A few days ago I ended a blog post with a call to fire Peter Fernandez, the decidedly unethical Public Works Director for the City of Salem.
Today I got this message from Mark Wigg. Apparently Wigg planned to present what follows as testimony at tonight's City Council meeting. It provides a further reason for Peter Fernandez to be fired.
Congratulations, Public Works Director Peter Fernandez
Congratulations on spending all the 2008 bond money allocated for buying Marine Drive right of way without buying all the right of way.
The other projects identified in the bond measure were aggressively pursued and finished years ago. Because many projects were started immediately after the bond measure passed and when we were in a recession, many of the projects were completed under budget.
Delaying the purchase of right of way for 13 years will cost the city millions of dollars, but you got to settle a personal vendetta, you won.
Years ago, one of your emissaries told me that you were going to make sure that volunteers could not construct a path along the right of way for Marine Drive. At that time, the $3.2 million allocated for right of way purchase would have been enough to buy all the right of way from Cameo Street to River Bend Road.
I was promoting the use of the right of way as a linear park that would allow the thousands of people along Wallace Road a more attractive, quicker, and safer way to get downtown.
Volunteers had constructed paths at Fairmont Park, on the Croisan Scenic Way right of way, and at Skyline Park. I had told city council that volunteers would have a trail constructed on the right of way within weeks of it being purchased.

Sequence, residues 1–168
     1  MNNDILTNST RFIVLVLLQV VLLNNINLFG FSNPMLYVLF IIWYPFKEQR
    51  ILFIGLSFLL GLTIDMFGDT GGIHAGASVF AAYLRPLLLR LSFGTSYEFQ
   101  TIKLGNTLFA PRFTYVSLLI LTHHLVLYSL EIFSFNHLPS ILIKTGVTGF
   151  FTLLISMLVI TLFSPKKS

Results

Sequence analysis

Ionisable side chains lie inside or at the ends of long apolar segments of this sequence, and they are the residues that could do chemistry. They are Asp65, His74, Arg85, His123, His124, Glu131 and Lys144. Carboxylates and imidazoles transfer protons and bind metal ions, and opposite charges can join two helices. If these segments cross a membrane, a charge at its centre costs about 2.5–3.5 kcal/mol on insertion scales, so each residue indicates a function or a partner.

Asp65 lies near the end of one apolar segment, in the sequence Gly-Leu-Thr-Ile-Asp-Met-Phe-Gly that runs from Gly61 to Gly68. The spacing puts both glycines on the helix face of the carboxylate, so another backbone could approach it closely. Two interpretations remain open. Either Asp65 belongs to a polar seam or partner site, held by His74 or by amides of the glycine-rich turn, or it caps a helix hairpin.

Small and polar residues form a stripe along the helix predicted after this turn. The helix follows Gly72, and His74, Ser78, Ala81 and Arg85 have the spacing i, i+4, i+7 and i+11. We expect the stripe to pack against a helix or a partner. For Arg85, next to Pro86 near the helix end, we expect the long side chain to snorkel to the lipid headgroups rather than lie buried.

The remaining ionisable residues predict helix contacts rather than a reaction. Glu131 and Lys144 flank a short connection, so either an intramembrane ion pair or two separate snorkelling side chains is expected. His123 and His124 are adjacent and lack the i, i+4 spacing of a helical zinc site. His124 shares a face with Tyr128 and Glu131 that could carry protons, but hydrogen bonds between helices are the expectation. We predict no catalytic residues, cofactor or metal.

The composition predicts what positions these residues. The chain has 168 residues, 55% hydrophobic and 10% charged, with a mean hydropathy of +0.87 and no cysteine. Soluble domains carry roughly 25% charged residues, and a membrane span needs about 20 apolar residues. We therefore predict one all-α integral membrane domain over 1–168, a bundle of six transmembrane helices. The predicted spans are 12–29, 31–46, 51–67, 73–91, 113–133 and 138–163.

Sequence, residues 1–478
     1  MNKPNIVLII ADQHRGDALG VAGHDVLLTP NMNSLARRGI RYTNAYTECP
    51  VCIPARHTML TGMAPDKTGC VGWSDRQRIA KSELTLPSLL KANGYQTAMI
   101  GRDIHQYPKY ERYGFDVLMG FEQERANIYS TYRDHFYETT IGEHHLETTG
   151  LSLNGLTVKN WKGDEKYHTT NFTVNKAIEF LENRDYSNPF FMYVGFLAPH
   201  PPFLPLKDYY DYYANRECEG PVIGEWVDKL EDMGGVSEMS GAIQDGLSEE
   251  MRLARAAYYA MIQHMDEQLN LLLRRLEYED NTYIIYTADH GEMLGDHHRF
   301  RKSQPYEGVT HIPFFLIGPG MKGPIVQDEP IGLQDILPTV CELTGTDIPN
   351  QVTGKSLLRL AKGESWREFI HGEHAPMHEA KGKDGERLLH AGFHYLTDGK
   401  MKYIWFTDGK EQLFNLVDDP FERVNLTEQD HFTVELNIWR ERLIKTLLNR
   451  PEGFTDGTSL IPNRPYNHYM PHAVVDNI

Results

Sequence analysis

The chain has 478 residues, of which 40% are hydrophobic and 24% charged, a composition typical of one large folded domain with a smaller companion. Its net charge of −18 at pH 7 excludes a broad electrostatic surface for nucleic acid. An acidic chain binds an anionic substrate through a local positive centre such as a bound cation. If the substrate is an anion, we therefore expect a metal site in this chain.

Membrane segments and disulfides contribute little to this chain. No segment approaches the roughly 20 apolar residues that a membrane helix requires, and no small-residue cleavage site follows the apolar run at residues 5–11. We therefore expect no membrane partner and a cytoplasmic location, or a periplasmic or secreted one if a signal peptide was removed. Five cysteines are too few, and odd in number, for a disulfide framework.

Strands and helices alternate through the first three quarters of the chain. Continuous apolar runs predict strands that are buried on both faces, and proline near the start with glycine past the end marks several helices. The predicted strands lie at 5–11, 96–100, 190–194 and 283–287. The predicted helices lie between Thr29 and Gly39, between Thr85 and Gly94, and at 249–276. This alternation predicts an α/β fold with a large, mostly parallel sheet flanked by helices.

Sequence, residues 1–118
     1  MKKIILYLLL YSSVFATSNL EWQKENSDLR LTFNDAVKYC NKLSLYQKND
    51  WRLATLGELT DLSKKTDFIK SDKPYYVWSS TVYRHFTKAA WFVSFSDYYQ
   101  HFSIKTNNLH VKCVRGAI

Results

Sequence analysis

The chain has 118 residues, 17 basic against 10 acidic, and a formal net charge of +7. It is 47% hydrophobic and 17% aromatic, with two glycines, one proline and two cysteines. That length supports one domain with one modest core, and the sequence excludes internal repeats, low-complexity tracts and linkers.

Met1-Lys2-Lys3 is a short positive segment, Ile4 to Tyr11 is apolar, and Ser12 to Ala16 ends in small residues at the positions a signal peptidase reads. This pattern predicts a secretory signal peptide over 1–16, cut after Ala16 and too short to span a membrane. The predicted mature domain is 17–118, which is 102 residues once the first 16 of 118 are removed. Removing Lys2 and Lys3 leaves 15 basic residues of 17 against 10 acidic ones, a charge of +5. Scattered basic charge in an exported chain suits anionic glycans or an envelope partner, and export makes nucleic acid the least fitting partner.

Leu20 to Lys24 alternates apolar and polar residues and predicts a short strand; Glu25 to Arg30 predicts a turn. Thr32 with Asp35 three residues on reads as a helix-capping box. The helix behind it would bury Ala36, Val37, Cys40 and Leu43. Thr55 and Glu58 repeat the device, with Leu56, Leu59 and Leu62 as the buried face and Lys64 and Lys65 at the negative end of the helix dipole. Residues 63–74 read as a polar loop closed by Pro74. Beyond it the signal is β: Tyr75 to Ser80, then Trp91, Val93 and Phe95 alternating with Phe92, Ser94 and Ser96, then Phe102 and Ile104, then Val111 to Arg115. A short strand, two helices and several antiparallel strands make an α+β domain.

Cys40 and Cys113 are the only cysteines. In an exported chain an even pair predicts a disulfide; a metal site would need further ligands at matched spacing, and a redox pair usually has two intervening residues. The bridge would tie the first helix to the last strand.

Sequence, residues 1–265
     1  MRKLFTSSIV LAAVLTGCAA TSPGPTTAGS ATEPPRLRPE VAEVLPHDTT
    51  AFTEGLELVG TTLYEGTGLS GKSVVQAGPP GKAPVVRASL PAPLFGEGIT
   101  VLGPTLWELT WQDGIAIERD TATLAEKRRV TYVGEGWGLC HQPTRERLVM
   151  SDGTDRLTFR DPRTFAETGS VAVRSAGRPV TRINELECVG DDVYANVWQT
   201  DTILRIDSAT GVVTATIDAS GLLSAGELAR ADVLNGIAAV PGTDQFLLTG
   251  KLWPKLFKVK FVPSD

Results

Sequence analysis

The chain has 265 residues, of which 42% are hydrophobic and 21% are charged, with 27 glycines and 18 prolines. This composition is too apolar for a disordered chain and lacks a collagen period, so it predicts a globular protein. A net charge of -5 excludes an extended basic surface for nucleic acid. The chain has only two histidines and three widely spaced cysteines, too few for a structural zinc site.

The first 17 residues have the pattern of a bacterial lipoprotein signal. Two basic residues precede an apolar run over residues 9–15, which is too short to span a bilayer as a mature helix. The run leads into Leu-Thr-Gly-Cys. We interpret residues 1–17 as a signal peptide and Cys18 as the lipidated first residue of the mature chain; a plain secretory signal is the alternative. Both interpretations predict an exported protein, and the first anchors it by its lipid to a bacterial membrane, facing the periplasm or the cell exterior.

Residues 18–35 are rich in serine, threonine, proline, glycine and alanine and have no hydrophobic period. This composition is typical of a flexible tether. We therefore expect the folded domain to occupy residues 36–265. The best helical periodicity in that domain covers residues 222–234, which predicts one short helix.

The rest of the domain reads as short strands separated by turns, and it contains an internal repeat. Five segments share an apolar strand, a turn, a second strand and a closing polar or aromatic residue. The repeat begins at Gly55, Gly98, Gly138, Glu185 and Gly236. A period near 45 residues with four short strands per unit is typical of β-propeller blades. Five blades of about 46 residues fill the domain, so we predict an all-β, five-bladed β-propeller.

At that time, I opposed the third bridge that Peter supported. Peter wanted to punish people that opposed the third bridge by delaying the purchase of right of way.
Congratulations Peter, you have reaffirmed that you run the city, not the City Manager, Mayor, or city council. You will not be held accountable for the decision to delay right of way purchases 13 years, a decision that will cost the citizens of Salem millions of dollars.
In addition to Salem’s taxpayers, the losers also include those thousands of people who would have enjoyed the paths on the Marine Drive right of way, right of way that could also have been used for community gardens by the adjacent apartment complexes.
Paths and community gardens build healthy communities, add value to properties, encourage healthy lifestyles, and reduce pollution. People in Salem will probably never know what they lost, and you won’t be held accountable.
I first learned what a horrible Public Works Director Fernandez is back in 2013, when Fernandez was instrumental in letting the US Bank president cut down five large, healthy, beautiful trees next to his downtown building for no good reason.
The sordid details of what Fernandez did were shared in a detailed factual report I wrote after getting public records related to the tree killings.
This is a case study of how city government shouldn't work.
Here the Public Works Director, Peter Fernandez, ignored the law, facts, expert advice, advisory committee recommendations, and lots of public testimony so he could keep a back-room verbal promise to the U.S. Bank president, Ryan Allbritton, to cut the five large, healthy, beautiful trees down.
The extra-legal promise itself is bad enough. Worse, Fernandez made that promise two years before the bank started the required process of filing an application to remove the trees.
Even so, Public Works Director Fernandez was all set to order that the trees be pruned, rather than removed, until bank president Allbritton reminded him of that "just between us" deal they'd made together. It didn't matter that Albritton was unable to give a single coherent reason why the trees needed to be killed.
After Fernandez spoke with the bank president, everything changed.
Allbritton got an unusual second chance to argue his extremely flimsy tree-killing case. He lobbied city councilors, who weren't bothered by Allbritton's mention of the verbal promise.
Maybe because this is the way the City of Salem habitually does things under its current leadership -- working out deals with special interests behind the scenes, then going through a show of holding public hearings and issuing a formal decision.
More recently, Fernandez has been involved in other questionable dealings. You can read all about it in these blog posts.